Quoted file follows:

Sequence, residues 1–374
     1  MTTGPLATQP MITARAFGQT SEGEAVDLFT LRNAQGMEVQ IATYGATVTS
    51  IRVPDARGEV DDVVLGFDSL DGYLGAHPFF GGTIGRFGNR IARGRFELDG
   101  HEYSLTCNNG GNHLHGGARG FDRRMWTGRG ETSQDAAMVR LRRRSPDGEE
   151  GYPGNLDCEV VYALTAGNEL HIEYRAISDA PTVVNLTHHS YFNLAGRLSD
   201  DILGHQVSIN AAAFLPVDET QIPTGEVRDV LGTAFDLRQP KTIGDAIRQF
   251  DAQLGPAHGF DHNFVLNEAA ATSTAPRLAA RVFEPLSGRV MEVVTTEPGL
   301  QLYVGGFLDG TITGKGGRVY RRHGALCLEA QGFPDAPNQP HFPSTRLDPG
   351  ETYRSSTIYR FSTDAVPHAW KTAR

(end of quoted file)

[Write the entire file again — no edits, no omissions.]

Sequence, residues 1–374
     1  MTTGPLATQP MITARAFGQT SEGEAVDLFT LRNAQGMEVQ IATYGATVTS
    51  IRVPDARGEV DDVVLGFDSL DGYLGAHPFF GGTIGRFGNR IARGRFELDG
   101  HEYSLTCNNG GNHLHGGARG FDRRMWTGRG ETSQDAAMVR LRRRSPDGEE
   151  GYPGNLDCEV VYALTAGNEL HIEYRAISDA PTVVNLTHHS YFNLAGRLSD
   201  DILGHQVSIN AAAFLPVDET QIPTGEVRDV LGTAFDLRQP KTIGDAIRQF
   251  DAQLGPAHGF DHNFVLNEAA ATSTAPRLAA RVFEPLSGRV MEVVTTEPGL
   301  QLYVGGFLDG TITGKGGRVY RRHGALCLEA QGFPDAPNQP HFPSTRLDPG
   351  ETYRSSTIYR FSTDAVPHAW KTAR